Still, she's comfortable with her mother's care and making no plans to take her elsewhere.
"I'm pleased because I'm here all the time," she said.
According to Sue Painter, executive director for the West Virginia Board of Examiners for Registered Professional Nurses, as well as other online databases, Monday has never been a registered nurse in West Virginia, though it's possible she could have been registered under another name.
She said while registered nurses who want to be licensed in multiple states would need to be fingerprinted, it’s possible for a registered nurse to not have to pass a criminal background check involving fingerprints. However, those who work at nursing homes and assisted living facilities have different requirements.
Multiple healthcare professionals we talked to Wednesday seemed a little shocked this could happen with fingerprinting and everything else, which is perhaps why Eastbrook's statement to us on Tuesday talked about reviewing their hiring procedures. Of course, we'll keep trying to get answers.
As for how you should pick a skilled nursing or assisted living facility for your loved one, Chapman said do your research. You can search online, talk to your doctor or other friends. But in the end, go with your gut. Pay attention. If something doesn't feel quite right, look elsewhere.
A woman from Kanawha County faces charges of posing as a registered nurse at a skilled nursing facility, court records show.
Ashley Monday, 33, of Cross Lanes, is charged with obtaining money, property and services by false pretenses.
According to a criminal complaint from Kanawha County Magistrate Court, Monday falsely represented herself as a registered nurse while working for the Eastbrook Center in Charleston from Nov. 28, 2017, to March 13, 2018.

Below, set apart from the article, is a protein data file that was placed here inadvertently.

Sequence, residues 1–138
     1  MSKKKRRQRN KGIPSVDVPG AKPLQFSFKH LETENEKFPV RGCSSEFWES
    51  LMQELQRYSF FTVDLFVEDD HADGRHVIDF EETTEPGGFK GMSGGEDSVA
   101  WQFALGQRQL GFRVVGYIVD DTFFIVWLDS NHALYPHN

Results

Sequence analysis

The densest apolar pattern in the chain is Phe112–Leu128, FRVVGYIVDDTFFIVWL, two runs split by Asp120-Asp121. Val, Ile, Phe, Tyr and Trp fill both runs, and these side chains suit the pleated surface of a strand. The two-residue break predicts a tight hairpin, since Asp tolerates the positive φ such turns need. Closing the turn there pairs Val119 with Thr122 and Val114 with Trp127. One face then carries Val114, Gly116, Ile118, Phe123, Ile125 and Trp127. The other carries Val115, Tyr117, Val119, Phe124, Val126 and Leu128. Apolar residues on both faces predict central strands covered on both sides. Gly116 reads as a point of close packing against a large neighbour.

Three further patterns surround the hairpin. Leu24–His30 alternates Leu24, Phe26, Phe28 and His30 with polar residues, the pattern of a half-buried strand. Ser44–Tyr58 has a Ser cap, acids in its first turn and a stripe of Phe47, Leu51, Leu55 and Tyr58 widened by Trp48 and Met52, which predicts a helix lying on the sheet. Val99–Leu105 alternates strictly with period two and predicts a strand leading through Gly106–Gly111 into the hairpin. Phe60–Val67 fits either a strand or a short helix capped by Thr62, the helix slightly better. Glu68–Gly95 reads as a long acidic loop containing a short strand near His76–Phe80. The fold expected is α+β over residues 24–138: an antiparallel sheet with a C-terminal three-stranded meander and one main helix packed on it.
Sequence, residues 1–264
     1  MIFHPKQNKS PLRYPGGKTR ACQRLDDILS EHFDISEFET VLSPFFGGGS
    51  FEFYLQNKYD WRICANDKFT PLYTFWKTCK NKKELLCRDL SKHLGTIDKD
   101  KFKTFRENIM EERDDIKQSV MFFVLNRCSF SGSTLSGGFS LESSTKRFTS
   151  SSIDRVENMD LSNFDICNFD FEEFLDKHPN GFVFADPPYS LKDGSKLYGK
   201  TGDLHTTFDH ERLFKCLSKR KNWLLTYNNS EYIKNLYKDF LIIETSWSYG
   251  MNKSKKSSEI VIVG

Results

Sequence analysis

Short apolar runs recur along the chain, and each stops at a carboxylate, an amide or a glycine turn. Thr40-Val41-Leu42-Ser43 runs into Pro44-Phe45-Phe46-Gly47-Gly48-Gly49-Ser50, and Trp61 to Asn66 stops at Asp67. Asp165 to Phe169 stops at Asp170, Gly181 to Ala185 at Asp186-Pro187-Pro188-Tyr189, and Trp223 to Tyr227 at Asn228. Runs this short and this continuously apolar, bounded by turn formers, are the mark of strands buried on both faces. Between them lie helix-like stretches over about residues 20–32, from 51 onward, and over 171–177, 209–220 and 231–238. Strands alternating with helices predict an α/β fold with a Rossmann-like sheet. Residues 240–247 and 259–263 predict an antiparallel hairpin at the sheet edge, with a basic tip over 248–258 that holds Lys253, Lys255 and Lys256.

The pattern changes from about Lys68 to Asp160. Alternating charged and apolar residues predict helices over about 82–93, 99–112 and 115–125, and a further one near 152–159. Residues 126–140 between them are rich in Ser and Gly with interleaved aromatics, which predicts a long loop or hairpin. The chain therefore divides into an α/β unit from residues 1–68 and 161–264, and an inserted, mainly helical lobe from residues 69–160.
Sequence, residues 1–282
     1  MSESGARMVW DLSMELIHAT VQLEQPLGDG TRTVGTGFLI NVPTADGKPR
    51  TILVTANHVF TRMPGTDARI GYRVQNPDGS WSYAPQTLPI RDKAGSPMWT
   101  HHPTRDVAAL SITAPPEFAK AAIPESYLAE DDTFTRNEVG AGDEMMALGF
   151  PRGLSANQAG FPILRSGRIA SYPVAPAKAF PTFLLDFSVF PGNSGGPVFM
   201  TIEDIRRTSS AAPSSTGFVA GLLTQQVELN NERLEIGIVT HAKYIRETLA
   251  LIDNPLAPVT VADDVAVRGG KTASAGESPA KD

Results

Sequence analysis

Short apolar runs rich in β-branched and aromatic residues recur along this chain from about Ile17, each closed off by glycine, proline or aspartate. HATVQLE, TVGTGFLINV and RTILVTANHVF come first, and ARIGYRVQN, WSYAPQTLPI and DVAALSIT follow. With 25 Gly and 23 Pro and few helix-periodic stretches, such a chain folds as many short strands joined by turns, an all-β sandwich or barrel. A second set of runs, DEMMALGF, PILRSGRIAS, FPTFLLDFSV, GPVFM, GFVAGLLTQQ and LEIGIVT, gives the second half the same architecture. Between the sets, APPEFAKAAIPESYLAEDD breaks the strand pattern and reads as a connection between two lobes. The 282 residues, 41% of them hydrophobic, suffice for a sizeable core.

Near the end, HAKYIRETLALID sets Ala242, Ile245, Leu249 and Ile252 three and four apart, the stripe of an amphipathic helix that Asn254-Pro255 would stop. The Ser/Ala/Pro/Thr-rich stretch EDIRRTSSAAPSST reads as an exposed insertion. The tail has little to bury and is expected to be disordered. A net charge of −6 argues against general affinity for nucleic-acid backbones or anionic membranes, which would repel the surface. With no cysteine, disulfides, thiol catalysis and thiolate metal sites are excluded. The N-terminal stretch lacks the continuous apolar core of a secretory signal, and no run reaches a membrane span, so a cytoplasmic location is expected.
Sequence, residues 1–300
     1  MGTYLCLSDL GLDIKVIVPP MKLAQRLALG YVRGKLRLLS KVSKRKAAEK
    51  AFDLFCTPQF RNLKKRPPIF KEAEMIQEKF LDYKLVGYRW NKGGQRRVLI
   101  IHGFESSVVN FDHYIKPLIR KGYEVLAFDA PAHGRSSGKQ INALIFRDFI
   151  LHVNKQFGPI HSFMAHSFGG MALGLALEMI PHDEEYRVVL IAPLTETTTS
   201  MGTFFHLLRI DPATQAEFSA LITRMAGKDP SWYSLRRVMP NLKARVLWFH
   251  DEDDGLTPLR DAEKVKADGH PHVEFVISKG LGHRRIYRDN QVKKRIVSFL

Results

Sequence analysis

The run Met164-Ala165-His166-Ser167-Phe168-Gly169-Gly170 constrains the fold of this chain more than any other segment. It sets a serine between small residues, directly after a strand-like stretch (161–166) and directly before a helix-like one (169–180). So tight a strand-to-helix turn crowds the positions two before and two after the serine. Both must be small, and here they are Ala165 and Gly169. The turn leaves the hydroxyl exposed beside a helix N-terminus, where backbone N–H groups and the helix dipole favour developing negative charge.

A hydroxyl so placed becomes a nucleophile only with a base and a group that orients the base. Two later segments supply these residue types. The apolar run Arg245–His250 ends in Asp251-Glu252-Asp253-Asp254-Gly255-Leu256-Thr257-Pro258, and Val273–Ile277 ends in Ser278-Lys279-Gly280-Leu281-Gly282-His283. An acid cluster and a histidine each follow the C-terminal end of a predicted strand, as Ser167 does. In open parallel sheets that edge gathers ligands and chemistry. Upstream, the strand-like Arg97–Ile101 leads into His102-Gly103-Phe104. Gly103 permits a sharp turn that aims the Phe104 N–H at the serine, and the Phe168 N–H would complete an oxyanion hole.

During that time, Monday received a little more than $12,580 in wages, according to the complaint.
The CEO of Eastbrook released the following statement to WSAZ:
"A few weeks ago, the leadership of Eastbrook became aware that a woman with a history of deceptive behavior had posed as a registered nurse using another person’s license number. She was immediately fired. Her actions have been reported to the appropriate legal authorities and state regulatory agencies.
"We do not believe resident care was adversely affected during her employment. Our management team is reviewing hiring and background check procedures to ensure a situation like this does not occur in the future."
Kathy Lawson, Inspector General with the West Virginia Department of Health and Human Resources, released this statement to WSAZ:
“WV CARES, administered through the West Virginia Department of Health and Human Resources (DHHR), Office of Inspector General, provides employers with tools to run a background check using state and national abuse registries and the state and national sex offender registries. It is the employer’s responsibility to verify educational and professional credentials of its potential employees to ensure the person’s identity.
To help combat fraud issues such as these, the West Virginia Department of Health and Human Resources successfully sought an amendment to the criminal code (W. Va. Code §61-3-54) to make it a crime to take the identity of another person for the purpose of gaining employment. Governor Jim Justice approved HB 4001 on March 27, 2018, which becomes law on June 8, 2018.”
Monday was arrested last week but has since been released from custody.